Fort Vancouver’s past fascinates Shine

Historian, chief ranger works with team to tell the stories in the digital age

By Tom Vogt, Columbian science, military & history reporter

Published:

 

ON THE WEB

• Download a copy of “Revealing Our Past: A History of Nineteenth Century Vancouver Barracks through 25 Objects” on the National Parks Service website.

• A blog with a behind-the-scenes look at the Fort.

As a boy, Greg Shine saw places where history was made loudly and abruptly, punctuated by artillery barrages and infantry charges.

Now Shine examines the past from another perspective, as historian and chief ranger at Fort Vancouver National Historic Site.

“This wasn’t a fort with cannons on the walls,” Shine said.

It’s a place where history was shaped through decades of cultural ebb and flow. It’s a place where history can be interpreted through a child’s doll as well as a soldier’s revolver.

“This site is somewhat unique,” Shine said. “This is a crossroad of cultures. You can’t study American history and not connect with this region — and this site in particular: the Hudson’s Bay era, the Oregon Trail era, the U.S. military.”

During all those eras, Fort Vancouver (and its subsequent names as a U.S. military post) was a seat of power. Its administrators oversaw a huge territory.

But Fort Vancouver’s role in history isn’t just a summary of things that happened here, Shine said. It’s also reflected by the people who came here.

“We talk about Fort Vancouver as a proving ground, whether it was the military or the fur trade,” Shine said. “Hudson’s Bay Company people were here because they were chosen for their skill sets — able to work in remote areas.”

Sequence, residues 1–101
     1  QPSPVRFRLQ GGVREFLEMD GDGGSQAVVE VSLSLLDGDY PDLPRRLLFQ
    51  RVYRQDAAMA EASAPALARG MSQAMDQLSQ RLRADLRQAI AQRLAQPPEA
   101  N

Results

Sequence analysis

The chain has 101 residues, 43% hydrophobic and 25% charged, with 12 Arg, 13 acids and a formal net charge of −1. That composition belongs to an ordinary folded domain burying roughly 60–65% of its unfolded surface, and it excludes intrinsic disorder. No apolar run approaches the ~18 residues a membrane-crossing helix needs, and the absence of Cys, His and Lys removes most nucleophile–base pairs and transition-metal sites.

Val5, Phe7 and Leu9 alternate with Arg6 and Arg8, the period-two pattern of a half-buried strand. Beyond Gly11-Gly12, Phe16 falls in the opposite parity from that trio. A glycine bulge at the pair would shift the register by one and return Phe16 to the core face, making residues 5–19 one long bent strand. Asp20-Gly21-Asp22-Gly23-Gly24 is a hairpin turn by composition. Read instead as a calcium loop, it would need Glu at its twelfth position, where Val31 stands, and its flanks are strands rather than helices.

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As chief factor, John McLoughlin ran the fort from 1825 to 1845.

“He had the skills to operate an efficient business when communication (with London) takes a year,” Shine said. “James Douglas worked here under McLoughlin; he’s heralded as the first governor of British Columbia.”

It was the same story after the U.S. Army arrived in 1849, Shine said. Given the distance from the next level of command, military officers posted here had to be self-starters, Shine said.

“Those who were here were flexible, and that served them well in their careers,” Shine said.

Rufus Ingalls is a good example. Although Ingalls was overshadowed by his friend Ulysses S. Grant, the supply officer found his niche here.

“His experience here suited his role as a quartermaster, providing supplies in unprecedented numbers for soldiers in the Union army,” Shine said. “Supply was a major concern in the Civil War, and he did meet those demands.”

That cultural crossroad included French-Canadians, Hawaiian laborers known as Kanakas and members of more than 30 Indian tribes. The cultural crossover influenced Army officers who served here.

“Civil War generals would correspond in Chinook jargon,” Shine said. Fluency in the trading dialect was a mark of distinction among career Army officers.